Beyond attending the required motorcycle training courses, active duty riders are required to wear proper personal protective equipment, whether riding on or off-base.


After a nearly nine-month hiatus, the U.S. Navy resumed motorcycle training for military and Department of Defense identification cardholders on Dec. 16 at several locations in Hampton Roads.

The classes, which were paused in March due to COVID-19, are now offered at Joint Expeditionary Base Little Creek-Fort Story, Norfolk Naval Station and Naval Air Station Oceana in Virginia.

“Installations are happy that they’re now able to provide training to the Sailors,” said Charisse Averett, regional safety and occupational health specialist for the mid-Atlantic region. “We want to protect our Sailors and get them the appropriate training, skills and knowledge that they need so when they’re out on the road, they’re safe.”

Averett added that this has been a challenging time for riders to stay current on training, and resuming these courses will alleviate the added stress and help the Navy to continue protecting its most valuable resource: its people.

Fred “Mac” McMullen, a senior instructor with American Motorsports Training, said he and other instructors have anxiously awaited the opportunity to get back to teaching the courses.

“I get calls constantly about people asking, ‘When are you teaching again?’ It’s been a long wait, but we’re excited to get back into it and start making a difference again,” he said.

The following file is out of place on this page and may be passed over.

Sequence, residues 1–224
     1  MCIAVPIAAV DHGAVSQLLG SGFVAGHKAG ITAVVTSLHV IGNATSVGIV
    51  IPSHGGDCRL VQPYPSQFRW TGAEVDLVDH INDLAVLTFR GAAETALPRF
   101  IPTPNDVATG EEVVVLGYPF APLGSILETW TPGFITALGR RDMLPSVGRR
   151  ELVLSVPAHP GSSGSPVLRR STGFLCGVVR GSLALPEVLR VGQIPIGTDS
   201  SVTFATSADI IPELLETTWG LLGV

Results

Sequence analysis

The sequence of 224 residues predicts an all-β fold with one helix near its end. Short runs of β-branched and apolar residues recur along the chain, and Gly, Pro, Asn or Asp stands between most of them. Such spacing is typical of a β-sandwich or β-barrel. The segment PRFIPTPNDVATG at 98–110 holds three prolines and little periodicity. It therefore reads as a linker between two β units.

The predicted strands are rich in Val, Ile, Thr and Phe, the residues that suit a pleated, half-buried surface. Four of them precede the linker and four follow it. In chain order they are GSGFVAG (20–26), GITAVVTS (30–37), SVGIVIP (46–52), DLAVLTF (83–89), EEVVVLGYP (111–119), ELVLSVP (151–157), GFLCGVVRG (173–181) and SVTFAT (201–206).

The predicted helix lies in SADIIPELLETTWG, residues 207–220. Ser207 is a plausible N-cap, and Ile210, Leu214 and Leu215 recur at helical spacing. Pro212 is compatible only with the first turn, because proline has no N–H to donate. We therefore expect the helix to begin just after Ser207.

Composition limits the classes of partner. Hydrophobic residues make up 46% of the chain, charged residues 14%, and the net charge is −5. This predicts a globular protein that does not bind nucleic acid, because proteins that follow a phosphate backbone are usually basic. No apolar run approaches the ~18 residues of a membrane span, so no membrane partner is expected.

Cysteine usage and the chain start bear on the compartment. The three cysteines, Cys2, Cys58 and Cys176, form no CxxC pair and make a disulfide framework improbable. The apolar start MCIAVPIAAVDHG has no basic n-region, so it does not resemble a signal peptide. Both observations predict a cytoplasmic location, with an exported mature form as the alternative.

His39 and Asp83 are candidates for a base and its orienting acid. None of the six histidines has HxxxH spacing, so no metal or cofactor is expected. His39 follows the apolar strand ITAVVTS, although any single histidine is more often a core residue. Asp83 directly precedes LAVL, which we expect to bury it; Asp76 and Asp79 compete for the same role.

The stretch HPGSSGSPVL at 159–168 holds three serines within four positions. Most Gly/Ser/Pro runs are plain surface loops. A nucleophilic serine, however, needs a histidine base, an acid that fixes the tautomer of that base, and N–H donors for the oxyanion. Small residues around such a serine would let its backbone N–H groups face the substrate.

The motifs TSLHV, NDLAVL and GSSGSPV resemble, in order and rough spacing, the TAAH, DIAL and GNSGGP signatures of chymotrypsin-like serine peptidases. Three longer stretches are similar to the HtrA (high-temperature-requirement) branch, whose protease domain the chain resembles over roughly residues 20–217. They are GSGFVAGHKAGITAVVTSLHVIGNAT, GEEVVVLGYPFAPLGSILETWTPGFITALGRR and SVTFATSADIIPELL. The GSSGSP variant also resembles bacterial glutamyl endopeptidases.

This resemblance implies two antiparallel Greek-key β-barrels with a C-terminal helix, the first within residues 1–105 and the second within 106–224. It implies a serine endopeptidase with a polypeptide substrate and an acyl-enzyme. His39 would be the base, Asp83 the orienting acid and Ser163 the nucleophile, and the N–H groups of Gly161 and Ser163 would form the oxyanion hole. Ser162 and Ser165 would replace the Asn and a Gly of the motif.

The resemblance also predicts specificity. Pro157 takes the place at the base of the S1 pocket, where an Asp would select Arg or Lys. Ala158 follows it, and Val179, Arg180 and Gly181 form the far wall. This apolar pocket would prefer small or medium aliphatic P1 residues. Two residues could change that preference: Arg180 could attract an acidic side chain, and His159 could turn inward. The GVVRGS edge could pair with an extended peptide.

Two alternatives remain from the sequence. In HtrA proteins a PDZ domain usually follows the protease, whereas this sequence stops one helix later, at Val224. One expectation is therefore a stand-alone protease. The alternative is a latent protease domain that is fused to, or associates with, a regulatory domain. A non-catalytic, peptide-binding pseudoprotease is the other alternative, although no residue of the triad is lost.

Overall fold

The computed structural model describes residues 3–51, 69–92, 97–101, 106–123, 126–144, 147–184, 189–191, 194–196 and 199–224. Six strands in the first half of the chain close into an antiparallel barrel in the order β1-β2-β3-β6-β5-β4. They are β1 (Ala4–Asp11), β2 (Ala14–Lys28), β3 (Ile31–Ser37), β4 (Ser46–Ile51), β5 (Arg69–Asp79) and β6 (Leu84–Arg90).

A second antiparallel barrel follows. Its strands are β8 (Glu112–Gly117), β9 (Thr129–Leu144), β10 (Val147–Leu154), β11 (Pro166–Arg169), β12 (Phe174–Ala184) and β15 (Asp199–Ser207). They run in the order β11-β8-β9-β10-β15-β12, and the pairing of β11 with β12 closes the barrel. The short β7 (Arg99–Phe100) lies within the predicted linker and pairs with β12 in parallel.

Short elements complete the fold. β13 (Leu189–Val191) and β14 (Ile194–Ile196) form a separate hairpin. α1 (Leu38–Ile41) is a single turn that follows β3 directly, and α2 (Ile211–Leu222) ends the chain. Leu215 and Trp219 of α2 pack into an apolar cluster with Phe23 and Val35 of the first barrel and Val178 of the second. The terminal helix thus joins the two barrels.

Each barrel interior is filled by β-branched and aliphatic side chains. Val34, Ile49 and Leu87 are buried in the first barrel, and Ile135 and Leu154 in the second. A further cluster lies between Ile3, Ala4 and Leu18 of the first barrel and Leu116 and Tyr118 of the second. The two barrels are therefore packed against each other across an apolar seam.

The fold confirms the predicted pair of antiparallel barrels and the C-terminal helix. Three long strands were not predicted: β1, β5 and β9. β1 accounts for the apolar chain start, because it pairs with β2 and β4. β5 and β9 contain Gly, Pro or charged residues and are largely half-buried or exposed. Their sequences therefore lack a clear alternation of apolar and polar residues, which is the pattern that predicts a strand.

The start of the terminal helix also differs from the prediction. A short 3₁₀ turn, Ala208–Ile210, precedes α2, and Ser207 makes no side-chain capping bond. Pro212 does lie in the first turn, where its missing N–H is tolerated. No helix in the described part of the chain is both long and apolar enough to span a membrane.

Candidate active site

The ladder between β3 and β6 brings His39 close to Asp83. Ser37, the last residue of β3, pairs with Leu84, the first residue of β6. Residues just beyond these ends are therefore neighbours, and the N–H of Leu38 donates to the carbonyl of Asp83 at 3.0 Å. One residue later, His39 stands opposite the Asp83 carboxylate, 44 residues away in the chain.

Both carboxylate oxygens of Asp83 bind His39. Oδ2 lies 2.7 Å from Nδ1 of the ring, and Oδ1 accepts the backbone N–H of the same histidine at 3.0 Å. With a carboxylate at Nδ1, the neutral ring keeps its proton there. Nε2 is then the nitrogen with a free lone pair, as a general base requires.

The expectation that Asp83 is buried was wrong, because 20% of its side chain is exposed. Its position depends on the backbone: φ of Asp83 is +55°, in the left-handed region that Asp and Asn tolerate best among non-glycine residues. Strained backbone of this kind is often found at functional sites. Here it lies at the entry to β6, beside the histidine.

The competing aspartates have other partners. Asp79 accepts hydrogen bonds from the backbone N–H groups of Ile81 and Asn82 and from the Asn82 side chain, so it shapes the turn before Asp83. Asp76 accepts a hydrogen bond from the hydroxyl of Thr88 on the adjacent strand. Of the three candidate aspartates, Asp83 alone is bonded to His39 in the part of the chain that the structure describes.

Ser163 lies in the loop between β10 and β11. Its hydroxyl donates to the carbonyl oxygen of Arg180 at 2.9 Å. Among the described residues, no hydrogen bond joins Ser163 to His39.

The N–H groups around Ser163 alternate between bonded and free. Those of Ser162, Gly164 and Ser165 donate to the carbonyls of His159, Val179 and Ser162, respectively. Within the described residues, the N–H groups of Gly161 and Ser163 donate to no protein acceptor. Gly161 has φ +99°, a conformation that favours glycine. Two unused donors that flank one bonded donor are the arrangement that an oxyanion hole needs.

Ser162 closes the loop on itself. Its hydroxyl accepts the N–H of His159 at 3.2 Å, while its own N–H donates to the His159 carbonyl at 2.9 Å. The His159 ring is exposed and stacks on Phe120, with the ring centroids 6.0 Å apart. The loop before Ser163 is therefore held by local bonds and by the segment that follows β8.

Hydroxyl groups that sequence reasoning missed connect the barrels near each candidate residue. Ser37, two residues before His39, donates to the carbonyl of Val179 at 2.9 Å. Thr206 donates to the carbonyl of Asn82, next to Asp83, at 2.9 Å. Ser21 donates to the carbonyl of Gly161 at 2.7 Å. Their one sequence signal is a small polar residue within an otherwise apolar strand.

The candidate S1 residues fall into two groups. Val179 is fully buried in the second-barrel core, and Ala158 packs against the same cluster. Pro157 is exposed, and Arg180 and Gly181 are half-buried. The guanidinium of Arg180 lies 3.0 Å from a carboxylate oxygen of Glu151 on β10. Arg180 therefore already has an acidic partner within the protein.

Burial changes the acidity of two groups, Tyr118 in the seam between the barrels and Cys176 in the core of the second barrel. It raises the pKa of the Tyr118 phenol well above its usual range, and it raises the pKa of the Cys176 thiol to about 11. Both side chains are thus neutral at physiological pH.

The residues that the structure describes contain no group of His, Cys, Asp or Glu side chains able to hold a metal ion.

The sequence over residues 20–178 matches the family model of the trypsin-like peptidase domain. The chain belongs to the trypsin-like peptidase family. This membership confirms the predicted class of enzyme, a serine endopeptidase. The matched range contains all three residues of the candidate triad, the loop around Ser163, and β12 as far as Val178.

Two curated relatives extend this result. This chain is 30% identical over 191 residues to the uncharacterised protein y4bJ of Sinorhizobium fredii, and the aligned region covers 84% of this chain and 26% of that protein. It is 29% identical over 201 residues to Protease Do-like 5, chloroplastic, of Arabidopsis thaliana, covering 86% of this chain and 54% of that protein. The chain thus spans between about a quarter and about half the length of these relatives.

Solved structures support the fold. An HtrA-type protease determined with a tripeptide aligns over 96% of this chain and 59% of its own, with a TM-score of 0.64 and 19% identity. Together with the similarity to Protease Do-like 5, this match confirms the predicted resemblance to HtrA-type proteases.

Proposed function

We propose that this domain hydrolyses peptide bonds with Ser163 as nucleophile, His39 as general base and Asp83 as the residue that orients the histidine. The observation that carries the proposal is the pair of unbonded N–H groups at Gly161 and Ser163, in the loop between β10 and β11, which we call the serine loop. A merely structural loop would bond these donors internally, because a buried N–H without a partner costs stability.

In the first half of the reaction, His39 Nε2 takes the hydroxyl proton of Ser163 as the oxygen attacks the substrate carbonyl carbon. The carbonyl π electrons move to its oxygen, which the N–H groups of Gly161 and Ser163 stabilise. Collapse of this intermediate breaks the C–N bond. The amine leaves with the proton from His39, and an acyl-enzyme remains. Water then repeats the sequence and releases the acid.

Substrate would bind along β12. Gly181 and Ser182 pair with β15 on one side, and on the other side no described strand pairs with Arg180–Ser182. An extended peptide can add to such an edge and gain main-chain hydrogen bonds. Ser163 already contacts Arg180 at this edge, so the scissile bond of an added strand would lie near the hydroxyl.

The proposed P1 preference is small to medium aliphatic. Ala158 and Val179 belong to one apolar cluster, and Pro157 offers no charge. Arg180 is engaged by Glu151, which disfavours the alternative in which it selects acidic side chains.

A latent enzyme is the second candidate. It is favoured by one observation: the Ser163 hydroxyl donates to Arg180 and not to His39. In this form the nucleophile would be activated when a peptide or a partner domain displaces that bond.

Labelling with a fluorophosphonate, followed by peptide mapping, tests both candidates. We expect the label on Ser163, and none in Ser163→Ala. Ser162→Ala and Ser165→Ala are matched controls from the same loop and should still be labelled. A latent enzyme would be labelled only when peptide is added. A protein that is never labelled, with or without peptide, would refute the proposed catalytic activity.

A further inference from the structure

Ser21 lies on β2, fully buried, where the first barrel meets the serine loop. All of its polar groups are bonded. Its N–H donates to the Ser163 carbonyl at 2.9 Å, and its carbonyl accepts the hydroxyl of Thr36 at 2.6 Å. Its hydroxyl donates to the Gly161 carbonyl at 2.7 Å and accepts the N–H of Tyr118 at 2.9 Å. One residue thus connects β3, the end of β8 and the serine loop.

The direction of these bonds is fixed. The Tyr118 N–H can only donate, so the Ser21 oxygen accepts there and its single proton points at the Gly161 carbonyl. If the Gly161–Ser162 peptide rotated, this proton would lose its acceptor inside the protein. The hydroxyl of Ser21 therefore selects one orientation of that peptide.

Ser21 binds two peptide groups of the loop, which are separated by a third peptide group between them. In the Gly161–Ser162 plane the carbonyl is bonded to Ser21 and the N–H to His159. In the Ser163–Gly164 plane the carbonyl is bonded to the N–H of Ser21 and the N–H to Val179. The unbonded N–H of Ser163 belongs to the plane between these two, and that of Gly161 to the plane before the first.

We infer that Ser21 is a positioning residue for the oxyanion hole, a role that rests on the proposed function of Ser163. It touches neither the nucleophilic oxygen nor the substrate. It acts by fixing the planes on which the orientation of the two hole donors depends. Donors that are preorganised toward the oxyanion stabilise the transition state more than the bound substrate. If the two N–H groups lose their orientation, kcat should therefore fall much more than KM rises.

The classes range from beginner level, also known as the Basic Rider Course (BRC) to the advanced level for more experienced riders. All military riders must take a refresher course every five years. This training requirement can be met by taking either the Experienced Rider Course (ERC/BRC-2) or the Advanced Rider Course (ARC).

Previously, classes were limited to 12 students and two instructors; however, due to current COVID-19 restrictions, there is now a maximum of eight students and two instructors per course. For those interested in attending BRC, McMullen said loaner motorcycles are still provided for the riding portion of the course; however, students are now required to bring their personal protective equipment to include helmets and gloves.

The motorcycle course schedule and availability is located online in the Enterprise Safety Applications Management System (ESAMS) and can be accessed with a common access card at https://esams.cnic.navy.mil/. All prospective students must have an ESAMS account to view the schedule or enroll in any of the motorcycle training courses.

Riders who aren’t current on training requirements due to the lapse in course availability during COVID-19 restrictions will have priority; however, McMullen encourages all who are interested to either enroll if space is available or request to be added to the waitlist in case of cancellations.

For more information or additional questions, McMullen said military members should contact their unit or installation traffic safety coordinator or motorcycle safety representative.


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